Army Rangers Remember Man Who Launched Modern Ranger Training, Lt. Gen. David E. Grange Jr.
Howard “Max” Mullen Jr. opened his Facebook at 2 a.m. Tuesday morning and was stunned by the news: The man who long ago made him want to be a Ranger had died. Retired Lt. Gen. David E. Grange Jr., who fought in three wars and who today’s Best Ranger competition is named for, died over the weekend at 97.
Mullen, who retired as a master sergeant and was inducted into the Ranger Hall of Fame in 2013, said he owed his career to a chance meeting with Grange.
“I’ll never forget that day,” said Mullen. It was 1978, and Mullen was in Korea for his first major training exercise. A helicopter landed in front of his squad and Grange stepped out. “A squad leader on my gun track told me I better not screw up or I will have hell to pay.”
He added, “I was just an 18-year-old young skinny Black kid from Zion, Illinois. I was so nervous.”
“Just relax, young man,” Mullen remembered Grange saying. “Where are you from?”
The two talked for 30 minutes. Grange asked Mullen about his home life and hobbies, then asked what he planned to do in the Army.
“I remember looking at his chest,” Mullen said. “He had those jump wings, and he had those two stars on him, meaning he did combat jumps. And then I remember — I’ll never forget — I saw that Ranger tab on his left shoulder. And I said, ‘Sir, I want to be a Ranger.’”
Mullen said, “I knew right then and there.”
Grange stood with Mullen in the cold, telling him all about the Rangers, then turned to his aide, Capt. Danny McKnight, who would go on to lead Rangers in combat in Somalia in the battle chronicled in the movie Black Hawk Down, and said, “Take this young man’s information and set him up for success.”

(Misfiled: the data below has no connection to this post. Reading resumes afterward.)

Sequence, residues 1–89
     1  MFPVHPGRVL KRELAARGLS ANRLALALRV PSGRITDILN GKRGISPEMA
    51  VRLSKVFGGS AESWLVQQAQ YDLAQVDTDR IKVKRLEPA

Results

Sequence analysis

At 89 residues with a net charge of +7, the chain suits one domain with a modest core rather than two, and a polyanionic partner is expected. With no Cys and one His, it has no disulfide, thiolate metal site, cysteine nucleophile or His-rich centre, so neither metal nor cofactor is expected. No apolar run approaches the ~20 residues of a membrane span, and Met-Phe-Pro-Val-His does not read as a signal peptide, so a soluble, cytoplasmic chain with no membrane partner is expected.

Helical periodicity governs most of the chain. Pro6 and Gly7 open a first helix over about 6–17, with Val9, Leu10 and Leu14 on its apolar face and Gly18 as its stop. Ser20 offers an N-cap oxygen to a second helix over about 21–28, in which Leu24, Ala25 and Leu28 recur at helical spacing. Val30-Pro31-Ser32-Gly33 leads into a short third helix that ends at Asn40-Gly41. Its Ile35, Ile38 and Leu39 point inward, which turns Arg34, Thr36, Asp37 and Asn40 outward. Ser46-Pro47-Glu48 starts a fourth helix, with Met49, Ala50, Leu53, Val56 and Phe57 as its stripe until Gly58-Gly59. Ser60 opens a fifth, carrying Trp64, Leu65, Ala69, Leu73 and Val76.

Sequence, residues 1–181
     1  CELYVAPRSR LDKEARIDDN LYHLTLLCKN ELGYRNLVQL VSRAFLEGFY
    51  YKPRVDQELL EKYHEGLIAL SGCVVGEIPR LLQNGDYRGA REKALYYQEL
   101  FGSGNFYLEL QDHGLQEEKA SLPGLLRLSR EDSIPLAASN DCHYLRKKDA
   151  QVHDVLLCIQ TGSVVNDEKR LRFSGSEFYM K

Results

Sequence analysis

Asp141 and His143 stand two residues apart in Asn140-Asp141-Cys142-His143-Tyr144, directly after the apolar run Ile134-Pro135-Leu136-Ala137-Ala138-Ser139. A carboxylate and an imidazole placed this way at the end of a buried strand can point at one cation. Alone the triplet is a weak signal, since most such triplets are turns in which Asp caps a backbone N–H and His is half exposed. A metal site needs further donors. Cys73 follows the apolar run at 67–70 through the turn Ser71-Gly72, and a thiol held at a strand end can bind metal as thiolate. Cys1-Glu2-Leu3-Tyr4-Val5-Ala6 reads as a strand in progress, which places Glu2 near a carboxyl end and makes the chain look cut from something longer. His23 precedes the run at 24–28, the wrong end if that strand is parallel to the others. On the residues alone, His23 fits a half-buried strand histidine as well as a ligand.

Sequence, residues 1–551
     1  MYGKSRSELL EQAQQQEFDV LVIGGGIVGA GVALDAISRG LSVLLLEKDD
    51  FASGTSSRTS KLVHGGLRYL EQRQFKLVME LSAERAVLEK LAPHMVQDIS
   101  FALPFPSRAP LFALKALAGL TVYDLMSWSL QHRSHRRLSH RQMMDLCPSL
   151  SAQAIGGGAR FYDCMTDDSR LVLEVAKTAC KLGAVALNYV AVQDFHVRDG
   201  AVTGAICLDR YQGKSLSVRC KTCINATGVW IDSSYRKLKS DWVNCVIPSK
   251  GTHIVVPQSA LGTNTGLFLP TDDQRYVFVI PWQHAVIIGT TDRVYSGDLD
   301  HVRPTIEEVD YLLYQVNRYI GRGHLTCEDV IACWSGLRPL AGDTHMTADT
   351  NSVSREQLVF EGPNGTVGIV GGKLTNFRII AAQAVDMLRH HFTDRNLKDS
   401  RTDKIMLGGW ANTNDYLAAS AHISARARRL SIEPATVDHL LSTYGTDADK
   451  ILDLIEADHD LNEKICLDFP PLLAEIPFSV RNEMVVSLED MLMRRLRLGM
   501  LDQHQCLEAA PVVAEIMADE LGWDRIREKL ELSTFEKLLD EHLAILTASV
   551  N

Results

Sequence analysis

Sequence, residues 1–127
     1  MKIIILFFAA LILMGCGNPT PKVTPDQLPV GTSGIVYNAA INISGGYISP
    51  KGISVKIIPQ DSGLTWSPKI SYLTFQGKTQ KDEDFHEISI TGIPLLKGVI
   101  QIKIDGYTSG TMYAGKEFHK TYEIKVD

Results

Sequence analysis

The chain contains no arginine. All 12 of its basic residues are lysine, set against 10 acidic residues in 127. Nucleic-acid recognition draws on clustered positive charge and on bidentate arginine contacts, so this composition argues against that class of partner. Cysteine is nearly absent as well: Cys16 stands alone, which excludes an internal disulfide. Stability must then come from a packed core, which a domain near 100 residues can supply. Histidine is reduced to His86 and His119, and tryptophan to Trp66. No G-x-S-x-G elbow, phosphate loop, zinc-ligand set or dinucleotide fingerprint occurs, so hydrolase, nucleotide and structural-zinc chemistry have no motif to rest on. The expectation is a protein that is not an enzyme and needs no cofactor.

Three months later, when Mullen was one of just two soldiers in his battalion to earn an Expert Infantryman Badge, Grange led the award ceremony. As Grange pinned the award on Mullen, he asked him. “You still want to be a Ranger?”
“I thought he forgot about it,” Mullen said. “I said ‘Yes, sir.’”
Mullen would go on to spend most of his 26-year career as a Ranger.
“It’s all because of him,” Mullen told Coffee or Die Magazine on Tuesday. “My career would’ve been nothing if it wasn’t for Gen. Grange.”
Grange enlisted in the Army in 1943, serving as a parachute infantryman in World War II. He saw action in several campaigns in the war, including Rome-Arno, Southern France, Rhineland, Ardennes, and Central Europe.
In 1950, Grange commissioned as an infantry officer and served in Korea and Vietnam. By the end of the Korean conflict, he was one of just a handful of soldiers to earn three gold stars on his combat wings for three combat jumps.
But he is best remembered in the Ranger community as a driving force behind the development and activation of today’s modern Ranger Training Battalion. As a captain in the 1950s, Grange was an instructor at the Ranger course, then a small part of Fort Benning’s School of Infantry. Grange said in an interview at the 2015 Best Ranger competition that the Army had considered reducing the size of the Ranger program in postwar years. But by the early 1970s, Grange was named commander of the Ranger Department within Fort Benning’s larger School of Infantry as it prepared to stand up as the independent Ranger Training Battalion.
“You hear ‘legend’ thrown around a lot, but this soldier was definitely a legend,” said retired Command Sgt. Major Jeff Mellinger, a fellow Ranger Hall of Fame member with Grange. “I’m one of a cast of thousands of fans. I’m just another old soldier that had the great benefit of being able to know him, watch him, listen to him, and occasionally talk to him.”
Grange’s son, David L. Grange, also served as a Ranger and a squadron commander in Army Special Operations Command before retiring as a major general. Grange’s grandson Matthew is a Ranger School graduate.
“My God, did he set an example,” said Mullen. “I’m so blessed, and I thank God that he brought this man into my life.”